“Well, I haven’t then, penates! . . . love your penates, that’s what he invents! Perhaps there never were any penates. An why should one love them? He’s always talking nonsense!”

“But at Mme. Bubnov’s . . . ”

“Foo! You and your Bubnov!”

And Alexandra Semyonovna ran out of the room in great indignation.

“It’s time to go. Good-bye, Alexandra Semyonovna.”

We went out.

“Look here, Vanya, first let’s get into this cab. That’s right And secondly, I found out something after I had said good-by to you yesterday, and not by guesswork, but for a certainty I spent, a whole hour in Vassilyevsky Island. That fat man an awful scoundrel, a nasty, filthy brute, up to all sorts of trick and with vile tastes of all kinds. This Bubnov has long been notorious for some shifty doings in the same line. She was almost caught over a little girl of respectable family the other day. The muslin dress she dressed that orphan up in (as you described this morning) won’t let me rest, because I’ve heard something of the sort already. I learnt something else this morning, quite by chance, but I think I can rely on it. How old is she?”

“From her face I should say thirteen.”

“But small for her age. Well, this is how she’ll do, then. When need be she’ll say she’s eleven, and another time that she’s fifteen. And as the poor child has no one to protect her she’s . . .”

“Is it possible!”

“What do you suppose? Mme. Bubnov wouldn’t have adopted an orphan simply out of compassion. And if the fat man’s hanging round, you may be sure it’s that. He saw her yesterday. And that blockhead Sizobryuhov’s been promised a beauty today, a married woman, an officer’s wife, a woman of rank. These profligate merchants’ sons are always keen on that; they’re always on the look-out for rank. It’s like that rule in the Latin grammar, do you remember: the significance takes precedence of the ending. But I believe I’m still drunk from this morning. But Bubnov had better not dare meddle in such doings. She wants to dupe the police, too; but that’s rot! And so I’ll give her a scare, for she knows that for the sake of old scores . . . and all the rest of it, do you understand?”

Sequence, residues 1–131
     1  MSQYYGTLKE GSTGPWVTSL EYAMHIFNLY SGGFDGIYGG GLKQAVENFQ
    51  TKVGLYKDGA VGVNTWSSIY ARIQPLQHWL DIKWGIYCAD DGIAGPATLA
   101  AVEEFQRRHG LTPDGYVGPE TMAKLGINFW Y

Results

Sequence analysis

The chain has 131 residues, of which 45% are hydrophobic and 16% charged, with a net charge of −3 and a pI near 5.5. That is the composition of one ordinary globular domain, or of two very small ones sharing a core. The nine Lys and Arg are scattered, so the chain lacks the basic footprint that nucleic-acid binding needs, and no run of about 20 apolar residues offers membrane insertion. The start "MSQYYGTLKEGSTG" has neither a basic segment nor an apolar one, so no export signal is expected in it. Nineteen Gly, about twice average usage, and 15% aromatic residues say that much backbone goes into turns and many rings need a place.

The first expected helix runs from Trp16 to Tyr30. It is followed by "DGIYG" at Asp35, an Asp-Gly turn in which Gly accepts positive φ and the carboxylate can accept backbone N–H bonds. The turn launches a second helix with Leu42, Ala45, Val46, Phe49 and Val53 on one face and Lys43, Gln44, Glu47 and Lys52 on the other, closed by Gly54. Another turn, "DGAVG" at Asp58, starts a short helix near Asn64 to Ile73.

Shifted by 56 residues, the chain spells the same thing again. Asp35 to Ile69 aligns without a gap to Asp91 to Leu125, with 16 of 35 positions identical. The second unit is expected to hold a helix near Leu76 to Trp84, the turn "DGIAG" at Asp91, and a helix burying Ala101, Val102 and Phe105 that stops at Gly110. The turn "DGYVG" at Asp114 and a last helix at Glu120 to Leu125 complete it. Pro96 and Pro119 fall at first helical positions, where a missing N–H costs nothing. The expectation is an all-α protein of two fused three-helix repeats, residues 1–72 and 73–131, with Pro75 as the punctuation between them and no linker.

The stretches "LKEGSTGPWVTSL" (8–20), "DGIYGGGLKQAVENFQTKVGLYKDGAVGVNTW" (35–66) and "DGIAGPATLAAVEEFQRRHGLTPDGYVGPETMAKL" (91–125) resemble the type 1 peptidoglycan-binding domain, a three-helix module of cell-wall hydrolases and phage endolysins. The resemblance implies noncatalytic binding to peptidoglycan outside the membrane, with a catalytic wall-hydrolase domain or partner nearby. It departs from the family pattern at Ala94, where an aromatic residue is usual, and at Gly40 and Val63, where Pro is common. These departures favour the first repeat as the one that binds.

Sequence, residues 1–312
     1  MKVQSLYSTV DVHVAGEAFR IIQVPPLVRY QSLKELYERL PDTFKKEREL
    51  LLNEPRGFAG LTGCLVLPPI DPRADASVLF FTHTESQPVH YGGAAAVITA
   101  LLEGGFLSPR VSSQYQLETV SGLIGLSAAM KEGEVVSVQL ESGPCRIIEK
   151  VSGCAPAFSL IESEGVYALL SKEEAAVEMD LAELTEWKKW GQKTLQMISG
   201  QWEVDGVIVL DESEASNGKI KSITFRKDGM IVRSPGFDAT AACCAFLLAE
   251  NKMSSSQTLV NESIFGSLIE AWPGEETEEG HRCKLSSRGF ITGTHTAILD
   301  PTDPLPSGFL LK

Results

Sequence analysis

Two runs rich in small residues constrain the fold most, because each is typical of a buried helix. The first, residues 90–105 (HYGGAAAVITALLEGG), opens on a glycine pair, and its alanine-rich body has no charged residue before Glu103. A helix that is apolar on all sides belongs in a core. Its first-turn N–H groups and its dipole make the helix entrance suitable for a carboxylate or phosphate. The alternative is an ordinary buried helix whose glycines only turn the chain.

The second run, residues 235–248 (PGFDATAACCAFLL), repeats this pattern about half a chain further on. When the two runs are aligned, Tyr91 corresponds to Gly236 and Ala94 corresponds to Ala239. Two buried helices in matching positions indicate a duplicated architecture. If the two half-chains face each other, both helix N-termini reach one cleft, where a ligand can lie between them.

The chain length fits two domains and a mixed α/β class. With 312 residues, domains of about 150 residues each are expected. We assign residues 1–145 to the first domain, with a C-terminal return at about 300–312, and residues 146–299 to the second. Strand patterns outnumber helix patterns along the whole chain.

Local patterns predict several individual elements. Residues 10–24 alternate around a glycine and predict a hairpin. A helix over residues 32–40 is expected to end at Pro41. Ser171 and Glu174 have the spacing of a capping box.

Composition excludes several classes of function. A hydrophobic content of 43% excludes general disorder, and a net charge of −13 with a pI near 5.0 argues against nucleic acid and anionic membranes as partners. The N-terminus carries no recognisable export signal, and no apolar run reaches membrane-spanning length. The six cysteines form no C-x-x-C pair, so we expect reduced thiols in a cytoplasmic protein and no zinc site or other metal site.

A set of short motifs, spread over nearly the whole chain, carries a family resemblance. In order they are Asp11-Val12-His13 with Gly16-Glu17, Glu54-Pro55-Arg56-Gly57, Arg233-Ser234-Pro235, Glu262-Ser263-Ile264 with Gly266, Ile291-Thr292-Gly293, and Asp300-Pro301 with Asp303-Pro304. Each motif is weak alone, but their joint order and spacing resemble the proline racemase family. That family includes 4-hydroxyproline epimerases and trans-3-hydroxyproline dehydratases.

I was terribly shocked. All these revelations alarmed me. I kept being afraid we were too late and urged on the cabman.

“Don’t be uneasy. Measures have been taken,” said Masloboev. “Mitroshka’s there. Sizobryulov will pay for it with money; but the fat scoundrel with his skin. That was settled this morning. Well, and Bubnov comes to my share . . . for don’t let her dare . . .”